During my lifetime the word “simple”, or should I say its inference, has become the antithesis of that which I originally understood. My schooldays were passed in those halcyon days before society had become so cowed by the pinched face of PC that we lost the joy of speaking freely. I remember being told that conjugating the present subjunctive of βουλεύειν was simple, that algebra was simple, that doing what I was told was simple and if I couldn’t understand that, then it was clear that it was I that was simple. At that point I hadn’t associated”simple” with either “easy” or “stupid” in the same way that I took no offence when the headmaster referred to us boys as perambulating gargoyles as I had no idea what he was talking about and it made us laugh. My memories of those times are joyful as they were a time of innocence in the true sense of the word as we lacked the wherewithal to be anything but innocent; very like happy people before the missionary arrived. I was vulnerable to sticks and stones but immune to subtle insult.Time passes, dull innocence is left crying for “Mummy” and we create about us, like a snail’s shell, an individual armour which we call our personality from which, depending on the strength of the armour, we can bear the brunt of hurled insult and, putting our heads above the parapet, chuck a few back with impunity. But the shells have been impounded by PC and we are revealed as the defenseless, thin skinned beings that we really are. I ‘m not sure how I got side tracked but it was about shells that I intended to write. As long as I’ve cooked, I’ve made pastry and as long as I’ve made pastry, however good it may have tasted, I’ve always felt that it was a bit too thick. I am going to dismiss from my mind the diatribe that is festering therein on the subject of day time television mainly because, having roundly condemned it, it would then fall to me to explain what in the fuck I was doing looking at it in the first place. Suffice it to say the lapse became an epiphany. The words “roll it out so it is very thin….thin enough to see through” were followed by the presenter holding up the rolled out pastry to the beams of sunlight coming through the window of his kitchen and the pastry was illuminated, as was I. This Pauline conversion happened but a couple of days ago and since then I’ve been cooking and rolling a lot. The tarte fine aux pommes, in the picture above, is a wonderful thing to behold and to eat. The recipe is uncomplicated and the dish created is the epitome of simple food….that’s how I use the word now….and the result makes me very happy.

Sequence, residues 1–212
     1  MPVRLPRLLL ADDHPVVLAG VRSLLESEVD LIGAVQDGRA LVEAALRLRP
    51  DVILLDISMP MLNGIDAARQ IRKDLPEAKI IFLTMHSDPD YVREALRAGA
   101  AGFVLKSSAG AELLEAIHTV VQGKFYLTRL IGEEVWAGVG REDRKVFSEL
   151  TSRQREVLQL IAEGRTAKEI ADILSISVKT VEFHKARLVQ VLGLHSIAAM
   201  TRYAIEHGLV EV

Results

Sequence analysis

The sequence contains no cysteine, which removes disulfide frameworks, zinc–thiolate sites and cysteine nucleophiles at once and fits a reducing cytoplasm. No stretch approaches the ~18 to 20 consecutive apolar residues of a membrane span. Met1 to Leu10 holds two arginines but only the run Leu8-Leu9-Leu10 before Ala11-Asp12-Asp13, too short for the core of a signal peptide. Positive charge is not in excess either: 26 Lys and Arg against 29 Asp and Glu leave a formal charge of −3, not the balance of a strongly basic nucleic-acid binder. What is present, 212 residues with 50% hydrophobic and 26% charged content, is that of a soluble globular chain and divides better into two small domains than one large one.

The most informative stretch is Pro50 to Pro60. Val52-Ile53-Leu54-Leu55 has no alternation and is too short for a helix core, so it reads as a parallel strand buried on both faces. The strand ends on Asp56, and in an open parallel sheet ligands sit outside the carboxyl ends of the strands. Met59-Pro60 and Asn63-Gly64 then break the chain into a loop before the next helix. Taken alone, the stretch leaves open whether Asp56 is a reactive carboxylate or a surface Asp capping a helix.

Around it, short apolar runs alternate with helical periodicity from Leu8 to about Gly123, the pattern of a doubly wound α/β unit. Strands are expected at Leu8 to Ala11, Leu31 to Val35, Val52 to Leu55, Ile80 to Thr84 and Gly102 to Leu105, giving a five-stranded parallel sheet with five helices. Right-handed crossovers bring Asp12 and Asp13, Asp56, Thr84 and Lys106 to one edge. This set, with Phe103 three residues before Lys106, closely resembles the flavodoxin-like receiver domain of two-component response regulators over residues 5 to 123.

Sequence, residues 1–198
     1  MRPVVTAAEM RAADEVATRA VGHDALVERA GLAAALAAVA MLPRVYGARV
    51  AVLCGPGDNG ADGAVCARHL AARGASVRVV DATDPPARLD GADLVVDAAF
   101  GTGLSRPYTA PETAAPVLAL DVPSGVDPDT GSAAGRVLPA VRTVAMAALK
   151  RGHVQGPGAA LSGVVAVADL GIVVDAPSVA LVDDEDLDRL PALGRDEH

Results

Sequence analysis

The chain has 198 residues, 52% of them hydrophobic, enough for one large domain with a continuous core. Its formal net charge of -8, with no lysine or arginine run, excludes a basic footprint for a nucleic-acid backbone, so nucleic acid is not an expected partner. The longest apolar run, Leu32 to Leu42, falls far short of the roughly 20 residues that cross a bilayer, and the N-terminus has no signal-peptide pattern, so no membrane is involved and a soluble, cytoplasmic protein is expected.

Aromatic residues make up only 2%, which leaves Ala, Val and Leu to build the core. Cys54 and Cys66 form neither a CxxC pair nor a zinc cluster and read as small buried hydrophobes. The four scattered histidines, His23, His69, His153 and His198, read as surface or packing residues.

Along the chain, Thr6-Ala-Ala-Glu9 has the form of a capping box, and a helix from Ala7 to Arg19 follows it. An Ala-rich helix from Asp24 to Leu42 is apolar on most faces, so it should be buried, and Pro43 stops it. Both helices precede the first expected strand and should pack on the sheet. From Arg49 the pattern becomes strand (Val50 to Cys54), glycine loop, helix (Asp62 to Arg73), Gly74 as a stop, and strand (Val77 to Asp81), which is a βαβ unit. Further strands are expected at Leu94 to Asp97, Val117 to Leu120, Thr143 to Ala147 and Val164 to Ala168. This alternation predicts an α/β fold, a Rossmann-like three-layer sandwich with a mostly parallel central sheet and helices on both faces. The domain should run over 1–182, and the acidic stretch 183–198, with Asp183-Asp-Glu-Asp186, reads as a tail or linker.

The recipe for the tart is from Stéphane Reynaud’s wonderful book “Ripailles” but the pastry recipe is taken from the equally wonderful “Bistro Cooking” by Patricia Wells. I have to admit that I’ve reached the point where I find that I exclusively use the pastry recipes from that book as they have never, to this point, let me down.
I’ve added, below, an old picture of me and some friends on holiday before the arrival of PC…and the removal of our shells.